The beginnings of Whitehaven's theatre, 1769-82
According to research published in an article by J. Roderick Webb in the Northern Review (vol. 2 no. 2, Oct. 1947), theatrical performances were given at the Assembly Room in Howgill Street, Whitehaven, from at least 1756 (the date of a surviving play-bill), and in October 1767, the imminent opening of a new theatre on Albion Street was announced. That opening may, however, have been delayed, for the following report appears in the London Public Advertiser for 28 October 1768:
"The New Theatre at Whitehaven being elegantly fitted up, it was opened on the 12th instant; when the Clandestine Marriage, and Thomas and Sally, were performed to a polite and numerous audience."
It has long been known that the theatre on Roper Street in Whitehaven, Cumbria, which served the town until early in the 20th century, was opened in 1769- Webb notes the existence of a deed for the site, dated March of that year, and again, a playbill for one of the earliest performances was preserved. However, because there was no newspaper published in Cumbria at the time, details of the theatre's beginnings have remained somewhat obscure. Luckily though, the founders of the theatre came from Newcastle upon Tyne, where newspapers had been published for several decades, and the Newcastle Courant was happy to report on the local company's westward expansion:
Newcastle Courant, 25 Feb 1769
We hear there is a new and elegant THEATRE now building at Whitehaven, for Messrs Austin and Heatton's Company of COMEDIANS, by subscription of eight of the principal gentlemen of that place, and that it is to be built after the plan of the Theatre Royal in Dublin, which is in a cemi circle, and when finished will be as elegant a Theatre as any in England, London excepted.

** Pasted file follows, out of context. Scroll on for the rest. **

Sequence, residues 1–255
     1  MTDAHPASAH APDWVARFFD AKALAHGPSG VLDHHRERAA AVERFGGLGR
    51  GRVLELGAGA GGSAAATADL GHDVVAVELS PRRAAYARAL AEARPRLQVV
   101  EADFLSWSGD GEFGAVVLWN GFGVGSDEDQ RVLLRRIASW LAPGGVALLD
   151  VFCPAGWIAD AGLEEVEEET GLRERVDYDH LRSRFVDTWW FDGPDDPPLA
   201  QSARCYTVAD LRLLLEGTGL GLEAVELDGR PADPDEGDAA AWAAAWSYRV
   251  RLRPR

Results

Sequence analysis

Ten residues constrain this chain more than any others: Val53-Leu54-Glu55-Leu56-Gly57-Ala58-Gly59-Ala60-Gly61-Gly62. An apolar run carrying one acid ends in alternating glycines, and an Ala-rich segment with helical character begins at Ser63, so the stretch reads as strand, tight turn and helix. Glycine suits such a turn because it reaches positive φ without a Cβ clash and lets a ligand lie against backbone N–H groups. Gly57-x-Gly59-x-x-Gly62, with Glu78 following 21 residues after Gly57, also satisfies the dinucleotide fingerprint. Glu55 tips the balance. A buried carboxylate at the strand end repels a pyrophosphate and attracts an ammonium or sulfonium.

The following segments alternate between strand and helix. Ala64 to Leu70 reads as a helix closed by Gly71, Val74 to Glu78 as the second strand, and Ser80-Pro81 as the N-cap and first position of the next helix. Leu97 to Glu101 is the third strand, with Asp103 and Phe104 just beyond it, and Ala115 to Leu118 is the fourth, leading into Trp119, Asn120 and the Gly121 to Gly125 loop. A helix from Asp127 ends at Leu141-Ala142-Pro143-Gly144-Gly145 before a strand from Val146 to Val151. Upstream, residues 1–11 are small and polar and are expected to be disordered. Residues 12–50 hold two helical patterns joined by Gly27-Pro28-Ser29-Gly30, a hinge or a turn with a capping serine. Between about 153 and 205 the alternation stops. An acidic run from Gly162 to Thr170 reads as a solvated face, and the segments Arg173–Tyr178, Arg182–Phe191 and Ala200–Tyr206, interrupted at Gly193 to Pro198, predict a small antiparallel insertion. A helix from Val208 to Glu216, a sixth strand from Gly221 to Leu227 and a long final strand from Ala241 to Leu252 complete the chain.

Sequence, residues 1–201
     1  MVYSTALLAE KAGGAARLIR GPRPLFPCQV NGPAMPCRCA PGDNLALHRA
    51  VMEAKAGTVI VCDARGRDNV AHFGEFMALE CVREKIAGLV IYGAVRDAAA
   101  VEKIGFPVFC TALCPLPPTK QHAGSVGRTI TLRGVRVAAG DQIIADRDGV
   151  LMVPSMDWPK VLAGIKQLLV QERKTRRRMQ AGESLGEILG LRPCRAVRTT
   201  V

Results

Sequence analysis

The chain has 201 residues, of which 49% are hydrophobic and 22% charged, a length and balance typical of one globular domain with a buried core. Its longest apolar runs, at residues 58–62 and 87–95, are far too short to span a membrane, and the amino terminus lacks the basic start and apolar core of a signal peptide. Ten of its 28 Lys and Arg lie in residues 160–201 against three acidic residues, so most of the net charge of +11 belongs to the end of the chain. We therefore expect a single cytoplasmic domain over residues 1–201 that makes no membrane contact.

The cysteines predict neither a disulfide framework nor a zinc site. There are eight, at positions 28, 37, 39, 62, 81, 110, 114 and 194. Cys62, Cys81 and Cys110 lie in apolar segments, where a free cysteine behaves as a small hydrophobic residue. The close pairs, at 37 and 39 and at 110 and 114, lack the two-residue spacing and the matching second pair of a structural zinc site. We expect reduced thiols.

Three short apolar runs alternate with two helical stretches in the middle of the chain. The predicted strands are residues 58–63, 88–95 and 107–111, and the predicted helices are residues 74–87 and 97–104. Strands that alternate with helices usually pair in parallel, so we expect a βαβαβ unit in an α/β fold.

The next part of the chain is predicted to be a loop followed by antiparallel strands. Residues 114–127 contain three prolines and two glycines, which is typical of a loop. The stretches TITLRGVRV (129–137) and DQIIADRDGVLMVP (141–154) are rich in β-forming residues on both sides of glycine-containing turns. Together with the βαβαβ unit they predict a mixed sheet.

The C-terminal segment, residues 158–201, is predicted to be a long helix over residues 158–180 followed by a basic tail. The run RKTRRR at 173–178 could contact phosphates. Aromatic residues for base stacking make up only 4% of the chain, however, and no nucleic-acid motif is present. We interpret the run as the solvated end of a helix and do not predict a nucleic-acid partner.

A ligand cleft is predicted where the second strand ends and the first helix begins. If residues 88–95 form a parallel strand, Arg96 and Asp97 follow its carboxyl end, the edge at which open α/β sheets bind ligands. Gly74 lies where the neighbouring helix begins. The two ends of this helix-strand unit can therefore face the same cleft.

[It is not clear what is meant by the claim that the Dublin Theatre Royal was in a "cemi circle". Judging from John Thomas Gilbert's "History of the City of Dublin" (1859) the notable thing about the Theatre Royal, on Crow Street, was not any oddity of shape (it seems to have had the normal arrangement of a rectangular auditorium with gallery, 15.5 metres wide, with a stage 11 metres wide, overlooked by boxes on both sides) but the depth of the stage from front to back- an impressive 27.5 metres, enabling, for example, a warrior king to make a grand entrance on a chariot. Compare those measurements with the plan here of the Whitehaven theatre!]
Newcastle Courant, 1 Apr 1769
We hear that the Wood Hall in West Chester, is now fitting up in an elegant theatrical manner, for the reception of Mess. Austin and Heatton's Company of Comedians, to perform there the ensuing summer; and that a Subscription will be opened in the race week (which is already honoured with the patronage of some persons of distinction) for the building a new Theatre, for which, it is said, great interest is making to procure his Majesty's Royal Licence.
[Clearly the company was in the throes of a major expansion in 1769. "West Chester," by the way, is Chester in Cheshire, as distinct from Chester near Newcastle, now officially known as Chester-le-Street]
Newcastle Courant, 8 Apr 1769
York, April 4. We hear that his Majesty's patent for licensing the York and Hull theatres has gone through the several offices, and will be here on Friday next; and that the theatre will be opened under the sanction of it on Saturday the 8th instant.
[The York theatre had been opened several years earlier, but in 1768 its manager, Tate Wilkinson, had decided to expand and open another in Hull. It seems that Austin and Heatton's expansion was partly intended to restrict Wilkinson's. According to Wikipedia, Wilkinson's patent, giving him the right to use the name "Theatre Royal" in Hull and York, cost him £500.]
Newcastle Courant, 18 Nov 1769
Whitehaven, Nov 14. Our Theatre, which is built upon the model of that in Crow-street, Dublin, is now most elegantly fitted up, and is allowed to be as neat and more convenient than any other in England: It was opened with great applause on Wednesday the 8th inst. by Mess. Heatton and Austin's Company of Comedians, with the Busy Body, and Wit's Last Stake, to a very numerous and genteel audience.
["The Busy Body" written in 1709 by Susanna Centlivre, was one of the most popular plays of the 18th and early 19th centuries, a hectic comedy of arranged marriage versus true love. "Wit's Last Stake" by Thomas King, was the latest hit farce from London, first performed in 1768. N.B. In the Prologue below, Melpomene was the Muse of Tragedy in Greek legend; "The Padlock", misspelled in the Prologue, was another 1768 theatrical hit, a comic opera with a West Indian slave as its central character (then played by a white actor in makeup, but later a successful role for black actors)]